Generic Name: Botulinum Toxin Type B
Class: Other Miscellaneous Therapeutic Agents
VA Class: MS900
[UPDATED 08/03/2009] FDA notified healthcare professionals of changes to the established drug names for botulinum toxin Type A (Botox/Botox Cosmetic, Dysport) and botulinum toxin Type B (Myobloc) to reinforce individual potencies and prevent medication errors, and provided recommendations for healthcare professionals to consider, plus information for patients, family members, and caregivers. For more information visit the FDA website at: and .
[Posted 04/30/2009] FDA notified healthcare professionals that after an ongoing safety review initiated in February 2008, the manufacturers of licensed botulinum toxin products [botulinum toxin Type A (Botox and Botox Cosmetic) and botulinum toxin Type B (Myobloc)] will be required by FDA to strengthen warnings in product labeling and add a boxed warning regarding the risk of adverse events when the effects of the toxin spread beyond the site where it was injected.
FDA will also require that manufacturers develop and implement a Risk Evaluation and Mitigation Strategy [REMS], including a communication plan to provide more information regarding the risk for distant spread of botulinum toxin effects after local injection, as well as information to explain that botulinum toxin products cannot be interchanged. The REMS would also include a Medication Guide that explains the risks to patients, their families, and caregivers. FDA is requiring the manufacturers to submit safety data after multiple administrations of the product in a specified number of children and adults with spasticity to assess the signal of serious risk regarding distant spread of toxin effects.
FDA’s evaluation of the data continues to support the recommendations made in the 2008 Early Communication. For more information visit the FDA website at: , and .
FDA approved a REMS for rimabotulinumtoxinb (formerly botulinum toxin b) to ensure that the benefits of a drug outweigh the risks. The REMS may apply to one or more preparations of rimabotulinumtoxinb (formerly botulinum toxin b) and consists of the following: medication guide and communication plan. See the FDA REMS page () or the ASHP REMS Resource Center ().
Neurotoxin produced by Clostridium botulinum;1 2 3 5 31 37 70 73 79 7 structurally similar but antigenically and serologically distinct botulinum toxin serotypes (A, B, C, D, E, F, and G) exist.2 3 31 32 37 70 73 75 79
Botulinum toxin disrupts neurotransmission by inhibiting release of acetylcholine at cholinergic nerve terminals of the peripheral nervous system and at ganglionic nerve terminals of the autonomic nervous system, inducing a chemical denervation and flaccid paralysis and inhibiting glandular secretion.2 3 31 32 37 43 72 73 75 194
Uses for Myobloc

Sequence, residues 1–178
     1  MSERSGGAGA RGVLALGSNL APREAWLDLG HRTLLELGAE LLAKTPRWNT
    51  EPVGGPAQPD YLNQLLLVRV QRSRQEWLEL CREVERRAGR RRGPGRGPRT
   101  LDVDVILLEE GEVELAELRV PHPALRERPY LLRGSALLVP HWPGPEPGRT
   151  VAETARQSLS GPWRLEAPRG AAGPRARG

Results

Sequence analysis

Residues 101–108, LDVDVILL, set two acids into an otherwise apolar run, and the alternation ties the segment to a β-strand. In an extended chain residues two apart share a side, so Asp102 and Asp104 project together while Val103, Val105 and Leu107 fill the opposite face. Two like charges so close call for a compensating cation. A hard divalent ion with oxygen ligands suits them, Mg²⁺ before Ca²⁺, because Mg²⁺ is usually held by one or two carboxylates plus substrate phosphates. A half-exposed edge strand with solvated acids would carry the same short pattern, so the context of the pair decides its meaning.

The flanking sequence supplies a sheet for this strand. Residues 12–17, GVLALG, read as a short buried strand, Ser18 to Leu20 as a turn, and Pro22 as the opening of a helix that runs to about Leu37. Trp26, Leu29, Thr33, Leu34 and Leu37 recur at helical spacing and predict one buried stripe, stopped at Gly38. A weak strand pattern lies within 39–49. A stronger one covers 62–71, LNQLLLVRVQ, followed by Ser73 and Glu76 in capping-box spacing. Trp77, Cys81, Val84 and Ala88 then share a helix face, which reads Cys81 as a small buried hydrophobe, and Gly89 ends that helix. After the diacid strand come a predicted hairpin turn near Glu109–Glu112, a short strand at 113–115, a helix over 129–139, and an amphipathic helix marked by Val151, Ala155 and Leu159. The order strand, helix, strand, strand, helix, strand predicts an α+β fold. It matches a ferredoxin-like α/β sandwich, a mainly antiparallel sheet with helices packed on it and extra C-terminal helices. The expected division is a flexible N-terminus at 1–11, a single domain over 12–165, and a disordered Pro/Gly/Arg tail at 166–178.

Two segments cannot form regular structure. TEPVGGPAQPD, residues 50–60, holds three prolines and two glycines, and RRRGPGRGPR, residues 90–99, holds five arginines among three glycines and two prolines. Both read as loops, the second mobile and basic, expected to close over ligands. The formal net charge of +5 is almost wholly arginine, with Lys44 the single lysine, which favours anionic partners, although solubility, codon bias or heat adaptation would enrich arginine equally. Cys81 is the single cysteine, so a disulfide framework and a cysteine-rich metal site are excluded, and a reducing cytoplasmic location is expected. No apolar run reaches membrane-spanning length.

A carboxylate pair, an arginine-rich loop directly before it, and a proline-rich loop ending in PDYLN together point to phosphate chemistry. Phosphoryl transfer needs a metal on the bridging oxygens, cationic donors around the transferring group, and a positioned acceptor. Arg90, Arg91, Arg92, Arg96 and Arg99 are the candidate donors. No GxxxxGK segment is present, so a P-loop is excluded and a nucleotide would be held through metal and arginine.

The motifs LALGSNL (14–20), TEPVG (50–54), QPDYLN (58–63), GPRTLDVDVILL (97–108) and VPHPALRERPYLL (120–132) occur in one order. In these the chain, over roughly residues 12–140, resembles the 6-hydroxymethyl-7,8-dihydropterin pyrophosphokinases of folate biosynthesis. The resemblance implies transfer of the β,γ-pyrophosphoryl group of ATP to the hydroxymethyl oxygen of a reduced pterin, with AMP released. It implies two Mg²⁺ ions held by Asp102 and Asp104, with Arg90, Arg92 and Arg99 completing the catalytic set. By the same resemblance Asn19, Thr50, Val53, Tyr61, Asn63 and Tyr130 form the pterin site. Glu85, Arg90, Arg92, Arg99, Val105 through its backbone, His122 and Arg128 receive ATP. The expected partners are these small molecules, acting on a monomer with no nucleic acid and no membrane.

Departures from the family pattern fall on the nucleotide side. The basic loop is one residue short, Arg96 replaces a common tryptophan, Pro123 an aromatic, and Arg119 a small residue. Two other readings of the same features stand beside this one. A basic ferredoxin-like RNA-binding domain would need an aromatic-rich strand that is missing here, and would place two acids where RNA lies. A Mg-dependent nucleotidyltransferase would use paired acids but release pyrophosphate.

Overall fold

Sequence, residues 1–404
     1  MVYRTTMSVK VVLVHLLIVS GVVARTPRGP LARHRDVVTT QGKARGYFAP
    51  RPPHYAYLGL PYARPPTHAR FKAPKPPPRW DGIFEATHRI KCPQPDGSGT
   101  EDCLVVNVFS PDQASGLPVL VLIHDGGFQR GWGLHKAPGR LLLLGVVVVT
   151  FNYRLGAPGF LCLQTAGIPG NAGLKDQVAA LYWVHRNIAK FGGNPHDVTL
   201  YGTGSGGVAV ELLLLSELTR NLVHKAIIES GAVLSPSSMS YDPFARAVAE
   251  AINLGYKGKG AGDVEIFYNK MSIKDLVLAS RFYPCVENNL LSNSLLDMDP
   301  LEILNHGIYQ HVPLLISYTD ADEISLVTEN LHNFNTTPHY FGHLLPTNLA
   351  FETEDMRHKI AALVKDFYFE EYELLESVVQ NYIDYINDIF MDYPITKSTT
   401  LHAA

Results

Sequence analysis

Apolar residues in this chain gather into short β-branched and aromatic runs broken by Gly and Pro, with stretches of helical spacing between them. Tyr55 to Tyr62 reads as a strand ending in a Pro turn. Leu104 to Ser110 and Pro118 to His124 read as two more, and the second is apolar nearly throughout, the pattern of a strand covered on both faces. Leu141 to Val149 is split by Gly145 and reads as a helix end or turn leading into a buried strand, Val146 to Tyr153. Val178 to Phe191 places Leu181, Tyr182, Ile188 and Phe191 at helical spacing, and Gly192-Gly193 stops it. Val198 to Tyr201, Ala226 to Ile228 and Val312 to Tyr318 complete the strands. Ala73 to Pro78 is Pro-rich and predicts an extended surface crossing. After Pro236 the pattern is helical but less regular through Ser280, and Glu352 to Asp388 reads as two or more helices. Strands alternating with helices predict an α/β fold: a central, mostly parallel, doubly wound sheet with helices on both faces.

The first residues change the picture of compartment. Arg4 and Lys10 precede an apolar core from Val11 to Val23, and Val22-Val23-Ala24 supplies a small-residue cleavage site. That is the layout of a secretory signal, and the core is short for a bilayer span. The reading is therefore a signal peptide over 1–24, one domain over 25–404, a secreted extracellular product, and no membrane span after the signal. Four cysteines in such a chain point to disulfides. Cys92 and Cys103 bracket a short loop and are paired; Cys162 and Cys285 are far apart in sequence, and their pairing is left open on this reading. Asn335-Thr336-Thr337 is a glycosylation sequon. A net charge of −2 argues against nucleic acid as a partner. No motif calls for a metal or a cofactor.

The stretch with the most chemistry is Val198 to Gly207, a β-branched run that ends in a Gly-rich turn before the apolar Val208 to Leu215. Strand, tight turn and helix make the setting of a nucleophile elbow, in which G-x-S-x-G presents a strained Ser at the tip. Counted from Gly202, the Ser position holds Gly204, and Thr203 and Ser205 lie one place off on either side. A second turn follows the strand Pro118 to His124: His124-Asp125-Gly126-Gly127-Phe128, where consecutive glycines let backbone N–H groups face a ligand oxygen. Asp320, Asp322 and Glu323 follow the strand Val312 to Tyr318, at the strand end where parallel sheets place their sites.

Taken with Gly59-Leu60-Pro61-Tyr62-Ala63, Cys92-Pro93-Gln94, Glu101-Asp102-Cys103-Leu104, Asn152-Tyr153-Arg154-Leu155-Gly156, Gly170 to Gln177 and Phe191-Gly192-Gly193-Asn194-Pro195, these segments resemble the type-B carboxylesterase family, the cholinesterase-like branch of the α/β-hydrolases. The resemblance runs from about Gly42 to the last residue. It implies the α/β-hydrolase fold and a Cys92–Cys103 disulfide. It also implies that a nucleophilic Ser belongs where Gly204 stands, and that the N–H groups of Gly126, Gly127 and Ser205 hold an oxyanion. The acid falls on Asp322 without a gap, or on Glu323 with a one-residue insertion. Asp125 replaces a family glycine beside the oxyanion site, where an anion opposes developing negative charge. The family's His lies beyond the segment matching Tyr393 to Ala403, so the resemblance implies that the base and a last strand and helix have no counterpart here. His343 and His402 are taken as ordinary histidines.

Pending revision, the material in this section should be considered in light of more recently available information in the MedWatch notification at the beginning of this monograph.
Botulinum toxin type B (Myobloc) and type A (Botox, Botox Cosmetic) currently are the only botulinum toxin serotypes commercially available in the US;1 2 5 types C and F reportedly under clinical investigation in other countries.4
Management of cervical dystonia (also referred to as spasmodic torticollis) to decrease severity of associated abnormal head position and neck pain;2 3 4 9 14 16 29 30 32 35 37 40 54 65 69 81 85 95 96 122 123 designated an orphan drug by US FDA for this use.81
Considered first-line therapy for cervical dystonia because of efficacy, relatively low incidence of adverse effects, and temporary dose-related therapeutic effects (compared with surgery).3 15 30 33 34 35 54 83 86 90 296 297
Also considered an effective and safe treatment for cervical dystonia in patients who are not responsive to therapy with botulinum toxin type A.3 14 15 16 17 32 35 41 42 60 64 65 79 137 348 350 354 355
Comparative safety and efficacy of botulinum toxin types A and B in cervical dystonia have not been established;14 69 botulinum toxin type B appears to be effective in patients who develop tolerance to type A as well as in those who are responsive to botulinum toxin type A.2 14 17 42 69 123 297 345
Has been used for temporary improvement in the appearance of facial wrinkles associated with hyperactivity of the orbiculus oculi muscle† (lateral canthal wrinkles†, also known as “crow’s feet”†) in a limited number of individuals.152 156 310 337 338
Myobloc Dosage and Administration
Lower doses may be required in patients with preexisting weakness or when there is concern about weakness, in those with milder disease severity, and in women and patients with lower body weights.4
Patients with cervical dystonia who have not previously received botulinum toxin should receive a lower initial dose; very limited experience in patients who have not received prior therapy with botulinum toxin type A.2 296 297
Carefully dispose of all used vials, including expired vials and/or equipment used in preparation and administration, as medical waste.2
Commercially available vials of botulinum toxin type B (Myobloc) are overfilled to ensure delivery of the labeled volume of drug: the vial labeled as containing 2500 units in 0.5 mL actually contains approximately 4100 units in 0.82 mL, the vial labeled as containing 5000 units in 1 mL actually contains approximately 6800 units in 1.36 mL, and the vial labeled as containing 10,000 units in 2 mL actually contains approximately 12,650 units in 2.53 mL.2 156 297 338 Drug solutions should not be diluted in the vial since this may result in a solution with a higher concentration than expected due to overfill.297 338